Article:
James Ellroy’s novels defy easy classification. There are a few early novels that fit nicely in a pigeon hole – the Lloyd Hopkins novels are serial killer procedurals, Brown’s Requiem is essentially “just” a hard-boiled detective yarn. But it’s not easy to categorically say what White Jazz or American Tabloid are. Ellroy uses the chasis of various incarnations of the detective novel, the thriller, the crime caper and there is a deep terror lurking in his later work that is far more affecting than the majority of “straight” horror. The inside cover of Clandestine describes it as an “early novel”, and I think that feels right. The story concepts that he will bring to razor sharpness and laser accuracy in his greatest works are all present here.
I tend to think of Ellroy as the bastard love child of Chandler and Hammett. Hammett was spare, hard-boiled, frugal – all those things Chandler called him. What made his writing different from his contemporaries is a question that consumed nearly 18 months of my life, but one answer I keep circling back to is the location of his characters in their milieau, especially The Continental Op. The Op is at home wherever he goes – he fits into the environment. He is a detective who gets amongst the victims he avenges and the killers he isolates. Perhaps no single story illustrates his versatility better than The Big Knockover. At the start of the story he’s indistinguishable from the police at the start, and perfectly comfortable amongst the crooks at the end. When the Op shows you a corrupt world, he is aware that it’s his world.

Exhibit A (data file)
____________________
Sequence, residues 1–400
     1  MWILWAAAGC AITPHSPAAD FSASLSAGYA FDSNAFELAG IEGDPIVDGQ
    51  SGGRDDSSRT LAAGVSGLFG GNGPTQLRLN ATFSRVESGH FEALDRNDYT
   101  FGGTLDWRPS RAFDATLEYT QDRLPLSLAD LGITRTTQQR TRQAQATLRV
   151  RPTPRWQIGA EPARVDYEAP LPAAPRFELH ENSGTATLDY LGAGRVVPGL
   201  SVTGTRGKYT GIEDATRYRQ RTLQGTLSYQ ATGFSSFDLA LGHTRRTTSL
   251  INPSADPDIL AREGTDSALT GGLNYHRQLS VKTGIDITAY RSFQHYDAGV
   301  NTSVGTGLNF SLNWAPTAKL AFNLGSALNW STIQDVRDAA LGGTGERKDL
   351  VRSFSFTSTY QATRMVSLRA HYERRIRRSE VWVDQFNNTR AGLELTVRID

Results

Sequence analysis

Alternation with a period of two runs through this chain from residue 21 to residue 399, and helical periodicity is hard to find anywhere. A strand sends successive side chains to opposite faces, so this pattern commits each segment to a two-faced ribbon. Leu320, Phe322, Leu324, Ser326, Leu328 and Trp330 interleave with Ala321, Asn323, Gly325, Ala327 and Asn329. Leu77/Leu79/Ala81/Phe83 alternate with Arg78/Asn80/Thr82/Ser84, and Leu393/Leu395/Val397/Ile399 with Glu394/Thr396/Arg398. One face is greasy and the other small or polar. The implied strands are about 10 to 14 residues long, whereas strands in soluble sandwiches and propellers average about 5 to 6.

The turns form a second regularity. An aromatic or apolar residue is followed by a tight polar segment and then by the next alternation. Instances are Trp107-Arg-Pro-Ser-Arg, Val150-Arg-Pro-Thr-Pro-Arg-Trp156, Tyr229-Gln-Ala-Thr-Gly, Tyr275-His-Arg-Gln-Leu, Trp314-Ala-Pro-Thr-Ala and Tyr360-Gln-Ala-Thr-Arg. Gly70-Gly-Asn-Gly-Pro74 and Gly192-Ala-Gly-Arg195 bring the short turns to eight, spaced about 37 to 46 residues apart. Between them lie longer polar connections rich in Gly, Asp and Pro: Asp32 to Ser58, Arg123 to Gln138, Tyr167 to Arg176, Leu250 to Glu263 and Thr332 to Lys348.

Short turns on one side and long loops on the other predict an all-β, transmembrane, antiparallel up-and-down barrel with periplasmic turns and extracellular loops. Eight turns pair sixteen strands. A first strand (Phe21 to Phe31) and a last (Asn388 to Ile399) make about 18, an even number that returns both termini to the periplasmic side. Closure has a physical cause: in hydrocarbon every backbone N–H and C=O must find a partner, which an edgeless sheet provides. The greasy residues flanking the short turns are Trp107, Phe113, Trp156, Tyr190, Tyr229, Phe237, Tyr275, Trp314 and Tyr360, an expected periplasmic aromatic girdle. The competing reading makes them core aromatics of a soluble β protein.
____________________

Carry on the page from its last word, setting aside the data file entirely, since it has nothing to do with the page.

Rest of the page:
What separates Chandler is almost the opposite quality. Philip Marlowe remains aloof, detached and self-sufficient. Much is made of his independence from sex and love, but that’s just one facet of his total independence from everyone. He looks down on a dangerous and corrupt world with a lyrical and philosophical eye. Sure, he’s a bastard at times, but that derives from a self-reliance bordering on the solipsistic.
For me, Ellroy’s best detectives somehow combine Marlowe’s lyrical clarity with the Op’s immersion. The Op takes the world as it comes, he never looks for any kind of meaning. All of Ellroy’s detectives ultimately do look for meaning. Marlowe understands the world, but doesn’t participate. Ellroy’s go into the darkest places aware of just how deep the rabbit hole really is. I think that as a consequence, Ellroy’s characters go beyond anything dreamt of by Hammett or Chandler. And their delving is universally, 100%, a case of being careless of what they wished for. There is hardly a single protagonist that hasn’t been broken on the wheel by the end of a novel, assuming they even started in one piece.
Safe to say, I’m a fan.
Clandestine is a great place to begin your encounters with Ellroy, because it is dark and complex, but not as brutal as Ellroy’s work gets later on. I feel like offering much more explanation than that runs the risk of spoiling it for the first-time reader, so I’ll leave it there… for now.